Murphy says White House still interested in improving background checks
Dem senator requests FBI investigate Nielsen for potential perjury
Sen. Jeff Merkley (D-Ore.) on Friday requested that the FBI investigate Homeland Security Secretary Kirstjen Nielsen for possible perjury regarding comments she made about the administration's zero-tolerance immigration policy.
"The FBI has previously indicated that the Department of Justice requires a formal criminal referral from Congress to initiate an investigation concerning Congressional testimony," Merkley said in a letter to FBI Director Christopher Wray. "I write today to execute such a criminal referral."
"Compelling new evidence has emerged revealing that high-level Department of Homeland Security officials were secretly and actively developing a new policy and legal framework for separating families as far back as December 2017," he added.
The FBI did not immediately respond to a request for comment.
Department of Homeland Security (DHS) Spokeswoman Katie Waldman said in a statement to The Hill that the department "has never had a blanket policy of separating families in custody."
"As Secretary Nielsen has said publicly and testified multiple times, DHS has never had a blanket policy of separating families in custody," Waldman said in the statement. "What this pre-decisional, pre-deliberative memo - as well as previously leaked pre-decisional, pre-deliberative documents - shows is that the Secretary was provided a menu of options to prevent the humanitarian crisis we predicted at that time and which has manifested itself today."
Waldman went on to claim that Nielsen "specifically rejected a policy proposal to separate all family units in DHS custody."
"Secretary Nielsen specifically rejected a policy proposal to separate all family units in DHS custody. Instead, the Department followed the existing decades-long practice used by multiple administrations of only separating minors from adults 1) when DHS is unable to determine the familial relationship, 2) when DHS determines that a minor may be at risk or 3) when the parent or legal guardian is referred for criminal prosecution," she added.
Waldman continued, stating DHS did not issue "a new, changed or blanket policy regarding family separations."
Merkley on Thursday provided NBC News with a draft document of what would eventually become the White House's immigration policy. The senator's office said the December 2017 document was leaked to them by a government whistleblower.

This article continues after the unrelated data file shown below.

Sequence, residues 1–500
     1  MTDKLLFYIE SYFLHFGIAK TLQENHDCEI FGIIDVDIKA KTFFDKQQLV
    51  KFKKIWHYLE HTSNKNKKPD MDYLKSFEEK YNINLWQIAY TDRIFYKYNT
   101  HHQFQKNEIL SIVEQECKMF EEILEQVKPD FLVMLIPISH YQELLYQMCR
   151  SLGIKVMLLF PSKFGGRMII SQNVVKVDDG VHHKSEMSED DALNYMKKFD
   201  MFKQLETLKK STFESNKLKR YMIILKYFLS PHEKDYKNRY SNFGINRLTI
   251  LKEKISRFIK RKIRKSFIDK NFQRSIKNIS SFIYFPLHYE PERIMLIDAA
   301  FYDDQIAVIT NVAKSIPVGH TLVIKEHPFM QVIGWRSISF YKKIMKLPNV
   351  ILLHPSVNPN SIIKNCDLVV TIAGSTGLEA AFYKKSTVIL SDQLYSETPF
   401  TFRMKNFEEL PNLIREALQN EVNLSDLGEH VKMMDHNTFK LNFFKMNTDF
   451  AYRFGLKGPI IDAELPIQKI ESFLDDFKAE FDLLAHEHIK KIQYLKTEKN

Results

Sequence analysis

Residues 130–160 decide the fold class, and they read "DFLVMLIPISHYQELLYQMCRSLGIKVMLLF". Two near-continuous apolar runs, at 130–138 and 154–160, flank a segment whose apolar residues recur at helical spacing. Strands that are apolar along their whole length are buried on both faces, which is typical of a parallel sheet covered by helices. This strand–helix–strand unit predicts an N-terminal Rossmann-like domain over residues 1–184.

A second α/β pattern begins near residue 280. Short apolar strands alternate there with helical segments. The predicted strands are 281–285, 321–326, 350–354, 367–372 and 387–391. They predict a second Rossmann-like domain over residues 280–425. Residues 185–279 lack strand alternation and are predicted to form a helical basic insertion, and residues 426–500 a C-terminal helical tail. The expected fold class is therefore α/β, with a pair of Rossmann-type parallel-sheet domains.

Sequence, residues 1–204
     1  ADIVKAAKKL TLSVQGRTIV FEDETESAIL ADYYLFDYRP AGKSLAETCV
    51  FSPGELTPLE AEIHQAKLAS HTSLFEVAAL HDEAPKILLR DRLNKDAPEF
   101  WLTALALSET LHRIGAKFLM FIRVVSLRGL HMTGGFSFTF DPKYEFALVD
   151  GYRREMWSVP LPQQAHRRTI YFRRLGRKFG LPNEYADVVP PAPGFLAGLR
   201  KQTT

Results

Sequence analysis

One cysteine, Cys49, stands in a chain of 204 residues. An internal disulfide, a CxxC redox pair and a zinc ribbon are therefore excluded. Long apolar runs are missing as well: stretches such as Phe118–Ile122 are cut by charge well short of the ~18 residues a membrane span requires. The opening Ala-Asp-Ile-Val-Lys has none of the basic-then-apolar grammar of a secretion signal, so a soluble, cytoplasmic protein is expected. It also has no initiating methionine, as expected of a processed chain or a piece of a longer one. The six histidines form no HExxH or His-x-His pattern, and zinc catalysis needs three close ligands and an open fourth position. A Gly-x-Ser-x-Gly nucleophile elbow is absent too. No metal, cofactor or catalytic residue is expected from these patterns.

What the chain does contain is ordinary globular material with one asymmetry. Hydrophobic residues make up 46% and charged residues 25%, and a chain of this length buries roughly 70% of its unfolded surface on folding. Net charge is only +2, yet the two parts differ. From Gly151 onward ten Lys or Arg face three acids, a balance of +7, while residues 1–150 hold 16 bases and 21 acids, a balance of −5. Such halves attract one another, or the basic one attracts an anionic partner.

In the draft, Trump administration officials discussed targeting parents of migrant families with prosecution as a deterrent, saying the "increase in prosecutions would be reported by the media and would have a substantial deterrent effect."
The draft also said DHS was "considering separating family units, placing the adults in adult detention and placing the minors under the age of 18 in the custody of [the Department of Health and Human Services] as unaccompanied alien children."
A Justice Department official suggested in the document that Customs and Border Protection agents could deny asylum hearings to children who had already been separated from their parents.
"If CBP issues an ER [expedited removal] for the entire family unit, places the parents in the custody of the U.S. Marshal, and then places the minors with HHS, it would seem that DHS could work with HHS to actually repatriate [deport] the minors then," the official wrote.
It is unclear from the draft whether the government planned on reunifying children with their parents prior to the deportation.
The policy "was specifically designed to gain media attention and generate a 'substantial deterrent effect,' " Merkley wrote in his letter to Wray. "Despite this fact, while testifying under oath before the House Committee on the Judiciary, Secretary Nielsen stated unequivocally 'I'm not a liar, we've never had a policy for family separation.' "
DHS responded to NBC News, saying that it was considering "all legal options" to deal with the "crisis" on the southern border.
"The Trump administration has made clear that all legal options are on the table to enforce the rule of law, rein in mass unchecked illegal immigration, and defend our borders," DHS spokesperson Katie Waldman told NBC regarding the document.
- Updated 8:15 p.m.